After severe declines in equipment and software investment in Q1 and Q2 due to the effects of COVID-19 and the impact of social distancing measures, investment in equipment and software bounced back in Q3 as the U.S. economy began to reopen. While there is a great deal of uncertainty given the pandemic, annualized growth appears likely to remain positive in Q4, bringing the annual equipment and software investment growth forecast to the -4.9 to -6.4 percent range. The forecast for the broader U.S. economy in Q4 is less certain, though annual U.S. GDP growth for 2020 is forecast between -3.8 and -4.8 percent, according to the Q4 update to the 2020 Equipment Leasing & Finance U.S. Economic Outlook released today by the Equipment Leasing & Finance Foundation.
Scott Thacker, Foundation Chair and Chief Executive Officer of Ivory Consulting Corporation, said, “This update is arguably one of the most important Outlooks the Foundation has published. There has been much uncertainty about the actual economic performance in Q3 and also about how quickly the economy will rebound in Q4 and beyond. This Outlook will be highly useful in explaining Q3 results and in giving a hint about how the year will finish. I am encouraged to see equipment and software investment in Q4 being forecast as positive, with nine out of 12 verticals that the Foundation monitors showing improvement.”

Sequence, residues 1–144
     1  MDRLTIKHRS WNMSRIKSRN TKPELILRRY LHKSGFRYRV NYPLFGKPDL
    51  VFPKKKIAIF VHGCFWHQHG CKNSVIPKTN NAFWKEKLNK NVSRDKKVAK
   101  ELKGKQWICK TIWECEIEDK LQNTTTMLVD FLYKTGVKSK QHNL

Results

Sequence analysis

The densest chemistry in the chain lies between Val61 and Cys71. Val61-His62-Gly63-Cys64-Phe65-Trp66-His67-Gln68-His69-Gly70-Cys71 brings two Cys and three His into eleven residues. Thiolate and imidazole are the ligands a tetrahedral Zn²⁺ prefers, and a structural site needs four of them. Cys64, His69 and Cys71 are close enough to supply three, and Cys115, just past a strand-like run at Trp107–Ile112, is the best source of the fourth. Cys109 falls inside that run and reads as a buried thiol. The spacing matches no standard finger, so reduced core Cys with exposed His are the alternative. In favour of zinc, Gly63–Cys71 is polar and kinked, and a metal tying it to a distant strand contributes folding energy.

Some highlights from the Q4 update include:
– Equipment and software investment is forecast to grow between 0 and 10 percent (annualized) in Q4.
– The contraction in the U.S. economy in Q2 was unprecedented, with high-contact service industries bearing the brunt of the damage. Although Q3 growth will set records, the unpredictable nature of the public health crisis is clouding Q4 GDP projections. Labor market health and the availability of federal stimulus will be critical factors to watch, as will the pandemic’s trajectory. Growth will suffer if another wave hits
– The U.S. manufacturing sector has bounced back more quickly than expected. Though a shade over half of the 1.4 million lost manufacturing jobs have returned and job growth was relatively modest in September, other industry indicators such as shipments and new orders suggest that the manufacturing sector will strengthen in late 2020 and early 2021.